The Blue Soup

Posted in Read it in books, Something about the Beatles on September 9th, 2009 by bill

BlueMoonSoup

I was at the Red Cross today, feeling a little lightheaded as the blood ran out of my right arm, when I read the following passage in Kurt Vonnegut’s Happy Birthday, Wanda June:

HAROLD: America’s days of greatness are over. It has drunk the blue soup.

PENELOPE: Blue soup?

HAROLD: An Indian narcotic we were forced to drink. It put us in a haze — a honey-colored haze which was lavender around the edge. We laughed, we sang, we snoozed. When a bird called, we answered back. Every living thing was our brother or sister, we thought. Looseleaf stepped on a cockroach six inches long, and we cried. We had a funeral that went on for five days — for the cockroach. I sang “Oh Promise Me.” Can you imagine? Where the hell did I ever learn the words to “Oh Promise Me”? Looseleaf delivered a lecture on maintenance procedures for the hydraulic system of a B-36. All the time we were drinking more blue soup, more blue soup! Never stopped drinking blue soup. Blue soup all the time. We’d go out after food in that honey-colored haze, and everything that was edible had a penumbra of lavender.

PENELOPE: Sounds quite beautiful.

HAROLD: [Angered] Beautiful, you say? It wasn’t life, it wasn’t death, it wasn’t anything! Beautiful? Seven years gone — like that, like that! Seven years of silliness and random dreams! Seven years of nothingness, when there could have been so much!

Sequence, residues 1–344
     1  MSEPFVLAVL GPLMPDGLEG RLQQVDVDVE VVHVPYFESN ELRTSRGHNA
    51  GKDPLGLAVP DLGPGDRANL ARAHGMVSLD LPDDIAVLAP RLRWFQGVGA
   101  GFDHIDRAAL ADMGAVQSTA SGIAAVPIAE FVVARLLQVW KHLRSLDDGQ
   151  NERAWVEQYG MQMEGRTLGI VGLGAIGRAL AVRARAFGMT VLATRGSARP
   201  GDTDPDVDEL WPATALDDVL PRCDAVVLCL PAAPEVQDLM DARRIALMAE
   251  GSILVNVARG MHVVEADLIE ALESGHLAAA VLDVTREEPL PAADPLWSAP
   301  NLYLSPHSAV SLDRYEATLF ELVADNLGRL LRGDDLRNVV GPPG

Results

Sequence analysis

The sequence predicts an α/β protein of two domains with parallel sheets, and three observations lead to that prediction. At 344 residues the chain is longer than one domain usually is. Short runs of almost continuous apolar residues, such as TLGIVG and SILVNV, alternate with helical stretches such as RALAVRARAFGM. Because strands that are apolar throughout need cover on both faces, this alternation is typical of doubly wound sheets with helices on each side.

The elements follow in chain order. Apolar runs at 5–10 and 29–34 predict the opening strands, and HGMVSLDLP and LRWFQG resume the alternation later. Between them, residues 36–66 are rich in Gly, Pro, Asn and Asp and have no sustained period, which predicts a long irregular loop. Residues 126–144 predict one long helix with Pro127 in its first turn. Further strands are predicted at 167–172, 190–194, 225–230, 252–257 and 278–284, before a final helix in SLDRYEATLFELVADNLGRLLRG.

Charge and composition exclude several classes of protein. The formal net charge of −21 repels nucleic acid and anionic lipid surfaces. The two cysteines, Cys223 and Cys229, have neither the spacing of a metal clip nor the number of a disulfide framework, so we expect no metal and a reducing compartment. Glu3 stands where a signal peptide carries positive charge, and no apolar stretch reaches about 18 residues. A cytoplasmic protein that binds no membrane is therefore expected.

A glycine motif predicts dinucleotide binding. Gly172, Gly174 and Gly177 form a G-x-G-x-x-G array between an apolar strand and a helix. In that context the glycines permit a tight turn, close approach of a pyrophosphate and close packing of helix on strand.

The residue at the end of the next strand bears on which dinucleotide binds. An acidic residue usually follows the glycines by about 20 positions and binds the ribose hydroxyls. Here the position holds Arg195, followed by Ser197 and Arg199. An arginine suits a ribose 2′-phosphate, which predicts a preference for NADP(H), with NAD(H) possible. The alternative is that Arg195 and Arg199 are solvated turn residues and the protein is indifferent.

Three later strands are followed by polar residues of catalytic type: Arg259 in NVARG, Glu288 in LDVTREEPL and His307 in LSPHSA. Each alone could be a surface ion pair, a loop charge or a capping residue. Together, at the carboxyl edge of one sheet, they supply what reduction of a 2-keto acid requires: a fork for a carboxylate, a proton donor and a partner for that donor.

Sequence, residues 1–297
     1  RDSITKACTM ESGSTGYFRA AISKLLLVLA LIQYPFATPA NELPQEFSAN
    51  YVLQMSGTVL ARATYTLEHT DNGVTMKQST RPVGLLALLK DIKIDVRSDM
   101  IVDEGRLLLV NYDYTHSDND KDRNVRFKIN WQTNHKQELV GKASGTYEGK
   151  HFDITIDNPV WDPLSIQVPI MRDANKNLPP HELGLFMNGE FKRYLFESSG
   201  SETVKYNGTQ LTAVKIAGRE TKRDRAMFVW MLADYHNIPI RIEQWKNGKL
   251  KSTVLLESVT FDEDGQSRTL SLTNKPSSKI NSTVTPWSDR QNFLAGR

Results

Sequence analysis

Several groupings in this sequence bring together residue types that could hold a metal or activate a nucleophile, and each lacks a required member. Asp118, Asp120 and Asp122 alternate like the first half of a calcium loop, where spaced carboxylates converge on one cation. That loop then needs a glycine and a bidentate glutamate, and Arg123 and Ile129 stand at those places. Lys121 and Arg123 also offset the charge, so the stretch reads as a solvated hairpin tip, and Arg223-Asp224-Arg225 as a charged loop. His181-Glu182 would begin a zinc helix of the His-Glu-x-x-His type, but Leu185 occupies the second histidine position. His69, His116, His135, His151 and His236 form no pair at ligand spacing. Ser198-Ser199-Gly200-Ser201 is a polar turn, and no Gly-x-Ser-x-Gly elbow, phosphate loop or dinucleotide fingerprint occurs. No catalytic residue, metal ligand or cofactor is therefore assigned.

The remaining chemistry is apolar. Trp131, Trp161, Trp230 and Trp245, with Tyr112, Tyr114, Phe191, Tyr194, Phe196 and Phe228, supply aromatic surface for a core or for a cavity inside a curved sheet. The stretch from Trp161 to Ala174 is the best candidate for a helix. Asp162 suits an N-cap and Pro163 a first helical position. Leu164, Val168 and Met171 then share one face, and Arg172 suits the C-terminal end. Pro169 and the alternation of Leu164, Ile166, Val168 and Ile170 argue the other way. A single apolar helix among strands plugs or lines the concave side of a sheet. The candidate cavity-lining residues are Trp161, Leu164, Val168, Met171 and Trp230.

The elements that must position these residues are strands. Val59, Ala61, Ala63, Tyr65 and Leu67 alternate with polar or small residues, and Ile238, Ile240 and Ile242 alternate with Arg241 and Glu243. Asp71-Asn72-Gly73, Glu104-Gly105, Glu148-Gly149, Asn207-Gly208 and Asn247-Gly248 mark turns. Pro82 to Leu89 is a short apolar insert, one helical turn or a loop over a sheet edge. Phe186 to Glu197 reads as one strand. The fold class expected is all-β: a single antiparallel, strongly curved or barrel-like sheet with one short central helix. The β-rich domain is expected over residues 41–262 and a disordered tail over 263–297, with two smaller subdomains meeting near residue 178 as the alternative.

And because one corner of my brain is devoted to the Beatles 24-7 these days, I thought immediately of Mr. Lennon:

Everybody seems to think I’m lazy
I don’t mind, I think they’re crazy
Running everywhere at such a speed
Till they find, there’s no need

Please don’t spoil my day
I’m miles away
And after all
I’m only sleeping

Yes, yes, the eternal question…drink the blue soup or face reality head-on. Lennon was a blue soup guy; Vonnegut’s character Harold Ryan is not, though it must be noted that he is more or less the villain of the piece. It’s a question most of us face every day, save those courageous few who have sworn off the stuff for good. The blue soup, mind you, isn’t necessarily a substance; it could be a comforting delusion or an unquestioned ideology. To see with clarity and deal with the consequences, this is no easy thing. In the future, I’d like to do more of it; at the moment, however, dreamland beckons.

Mind Bender

Posted in Audio transmissions, Something about the Beatles on September 8th, 2009 by bill

Today’s treat is a music mix I’m calling “Mind Bender,” which is what you’ll hear John Lennon say in the sample from the Beatles Anthology at the beginning. The playlist is after the jump, but here’s a hint: every other song is by the Beatles.

PLAY

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The Girl with Collide-o-scope Eyes

Posted in Something about the Beatles on September 7th, 2009 by bill

Posting stuff off YouTube is the lazy blogger’s way out, I know. But lazy is my natural state, and anyway, it’s Labor Day—it would be against the spirit of the day to try too hard.